(By John D’Agata and Jim Fingal. W.W. Norton)
A genre-defying magazine journalist writes an essay about suicide in Las Vegas. His fact-checker, diligent to a fault, comes across literally hundreds of irregularities. So begins the year’s most surprising and provocative book, a literary dustup between polar opposites that’s playful, invigorating, and alive on every page (beautifully designed, too). You may start off confident in your beliefs about truth and art, but prepare to be shaken. No other book raised so many big questions this year, so well.

(By Anakana Schofield. Biblioasis)  Great fiction takes risks. That’s why descriptions of a classic and an utter fiasco can sound so similar. And yes, in theory, the debut novel by Vancouver’s Anakana Schofield is far from a sure thing: it’s an obsessive, voice-driven novel about a grieving Irish housewife that runs along irregular timelines and lingers at unusual places. It also never, ever apologizes for itself. More importantly, it all works. Joe Biden may have done more to repopularize the word malarky this year, but Schofield’s electrifying novel will leave a much longer impression.

Swimming Studies
(By Leanne Shapton. Blue Rider)
Midway through this gorgeous, buoyant hybrid of a memoir, Leanne Shapton inserts a 26-part photo series documenting, with captions, every swimsuit she owns. It’s a testament to the Ontario-born author’s powers of persuasion that this feels like the most natural move in the world. Swimming Studies looks back at the years Shapton spent chasing a spot on the Canadian Olympic team, but it’s also a bewitching tribute to the smaller details that piled up along the way: stopwatch beeps, hotel dinners, and the muscle memory formed by countless laps in a chilled, predawn pool.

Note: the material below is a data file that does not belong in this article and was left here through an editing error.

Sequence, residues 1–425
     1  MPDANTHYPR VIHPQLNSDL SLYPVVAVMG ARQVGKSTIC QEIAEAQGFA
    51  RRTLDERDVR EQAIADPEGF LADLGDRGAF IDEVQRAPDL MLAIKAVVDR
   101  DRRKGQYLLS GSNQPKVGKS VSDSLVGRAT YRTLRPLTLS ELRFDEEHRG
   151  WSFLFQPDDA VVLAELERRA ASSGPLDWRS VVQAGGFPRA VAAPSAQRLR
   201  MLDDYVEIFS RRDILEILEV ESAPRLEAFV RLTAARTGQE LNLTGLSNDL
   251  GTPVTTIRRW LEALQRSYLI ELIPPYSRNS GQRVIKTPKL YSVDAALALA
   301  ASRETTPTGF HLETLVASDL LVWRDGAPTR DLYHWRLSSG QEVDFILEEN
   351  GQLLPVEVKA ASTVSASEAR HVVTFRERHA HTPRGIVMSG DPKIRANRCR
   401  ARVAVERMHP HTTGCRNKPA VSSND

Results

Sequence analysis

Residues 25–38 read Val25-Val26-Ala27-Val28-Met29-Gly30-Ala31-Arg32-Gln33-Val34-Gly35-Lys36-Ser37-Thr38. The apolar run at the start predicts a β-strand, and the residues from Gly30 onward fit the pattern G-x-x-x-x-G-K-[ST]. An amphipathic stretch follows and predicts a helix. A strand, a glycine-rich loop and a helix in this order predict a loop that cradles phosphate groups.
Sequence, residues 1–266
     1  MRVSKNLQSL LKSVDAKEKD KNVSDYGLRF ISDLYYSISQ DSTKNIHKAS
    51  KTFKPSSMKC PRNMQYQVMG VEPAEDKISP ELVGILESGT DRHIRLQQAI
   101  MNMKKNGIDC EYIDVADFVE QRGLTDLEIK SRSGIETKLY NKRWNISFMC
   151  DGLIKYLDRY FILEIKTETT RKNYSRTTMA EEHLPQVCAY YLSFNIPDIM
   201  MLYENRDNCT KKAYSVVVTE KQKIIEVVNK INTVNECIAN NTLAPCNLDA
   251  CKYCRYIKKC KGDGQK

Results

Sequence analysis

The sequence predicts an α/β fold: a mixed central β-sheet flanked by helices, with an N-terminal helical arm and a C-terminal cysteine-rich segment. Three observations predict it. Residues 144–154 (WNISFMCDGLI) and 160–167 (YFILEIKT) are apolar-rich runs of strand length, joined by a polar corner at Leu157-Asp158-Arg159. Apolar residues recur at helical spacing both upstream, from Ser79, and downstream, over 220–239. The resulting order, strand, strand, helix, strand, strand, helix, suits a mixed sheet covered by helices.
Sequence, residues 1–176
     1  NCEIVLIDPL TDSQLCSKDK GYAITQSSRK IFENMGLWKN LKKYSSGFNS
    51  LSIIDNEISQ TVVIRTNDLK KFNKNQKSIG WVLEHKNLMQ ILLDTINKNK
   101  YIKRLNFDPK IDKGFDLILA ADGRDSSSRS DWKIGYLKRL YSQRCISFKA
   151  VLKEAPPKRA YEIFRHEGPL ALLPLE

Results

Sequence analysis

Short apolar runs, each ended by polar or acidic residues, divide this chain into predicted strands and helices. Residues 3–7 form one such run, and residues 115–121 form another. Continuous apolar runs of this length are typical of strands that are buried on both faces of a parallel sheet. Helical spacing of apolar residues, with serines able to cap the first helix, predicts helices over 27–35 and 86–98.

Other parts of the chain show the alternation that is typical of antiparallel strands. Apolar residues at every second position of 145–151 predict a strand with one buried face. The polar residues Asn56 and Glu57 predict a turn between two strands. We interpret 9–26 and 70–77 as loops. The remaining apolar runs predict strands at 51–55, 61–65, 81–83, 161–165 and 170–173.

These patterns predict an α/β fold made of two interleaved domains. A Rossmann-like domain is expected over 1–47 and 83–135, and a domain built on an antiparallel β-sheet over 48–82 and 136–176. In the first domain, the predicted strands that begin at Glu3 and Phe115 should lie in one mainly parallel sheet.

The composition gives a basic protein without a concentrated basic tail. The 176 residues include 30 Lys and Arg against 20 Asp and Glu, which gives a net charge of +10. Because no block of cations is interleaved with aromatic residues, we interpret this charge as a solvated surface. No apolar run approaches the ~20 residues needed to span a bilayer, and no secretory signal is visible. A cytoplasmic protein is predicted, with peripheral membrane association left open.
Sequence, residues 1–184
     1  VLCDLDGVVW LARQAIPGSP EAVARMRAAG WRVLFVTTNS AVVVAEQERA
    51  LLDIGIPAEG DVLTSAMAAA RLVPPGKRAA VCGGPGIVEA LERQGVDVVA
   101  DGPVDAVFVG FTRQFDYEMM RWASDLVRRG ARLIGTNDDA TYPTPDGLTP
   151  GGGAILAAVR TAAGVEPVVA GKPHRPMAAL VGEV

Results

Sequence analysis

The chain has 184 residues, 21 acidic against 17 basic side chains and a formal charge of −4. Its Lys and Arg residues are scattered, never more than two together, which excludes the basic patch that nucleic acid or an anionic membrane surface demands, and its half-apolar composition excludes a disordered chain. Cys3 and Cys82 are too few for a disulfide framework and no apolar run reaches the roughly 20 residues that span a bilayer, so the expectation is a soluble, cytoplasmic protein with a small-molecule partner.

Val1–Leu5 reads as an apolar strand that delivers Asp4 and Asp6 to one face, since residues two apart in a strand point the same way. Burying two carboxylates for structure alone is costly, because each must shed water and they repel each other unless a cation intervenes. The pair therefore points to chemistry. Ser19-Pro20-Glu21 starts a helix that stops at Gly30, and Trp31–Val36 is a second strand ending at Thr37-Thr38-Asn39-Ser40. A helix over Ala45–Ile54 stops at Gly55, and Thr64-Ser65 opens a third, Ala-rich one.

Alexander Varty

(By Anakana Schofield. Biblioasis)
I laughed, I cried, and I’m not kidding. The immensely gifted Anakana Schofield’s vivid study of a middle-aged Irish housewife’s nervous breakdown has a huge heart and a fierce brain; Malarky is, by a wide margin, the most memorable fiction I’ve read this year. Our Woman invents some dubious remedies for her diabetes, not to mention her sense of shame and loss over her husband’s philandering and subsequent death; nine out of 10 doctors would not prescribe fruitcake and sex with strangers. But sometimes cures can take curious form, in life as in this extremely delicious novel.

(By Oliver Sacks. Knopf Canada)
Of all the authors I’ve interviewed, Oliver Sacks stands out for his wit, his openness, his appetite, and his intelligence, qualities that are scintillatingly evident in this deep examination of the unreal. In Hallucinations, the New York–based neurologist willingly owns up to his own ’60s experiments with psychedelic drugs while exploring other sources of otherworldly experience, including illness, stress, and psychological sensitivity. Typically, he offers few definitive conclusions—but stirs up all sorts of fascinating possibilities, including the notion that psychic states are rooted in a kind of protective hyperawareness now lost to most humans.

Modernist Cuisine at Home
(By Nathan Myhrvold with Maxime Bilet. The Cooking Lab)
There’s an element of fiddling while Rome burns in recommending a three-kilo culinary bible at a time when food security is a far more pressing matter. Nor will Modernist Cuisine at Home turn the average burger-flipper into the next Ferran Adrià or René Redzepi, although to their credit authors Nathan Myhrvold and Maxime Bilet downplay gooseneck barnacles and wild woodruff in favour of fairly commonplace ingredients. But as an introductory guide to an array of hitherto inaccessible techniques, and as another prod to really think about what we eat, serious home cooks will find it a fantastic and lasting source of inspiration.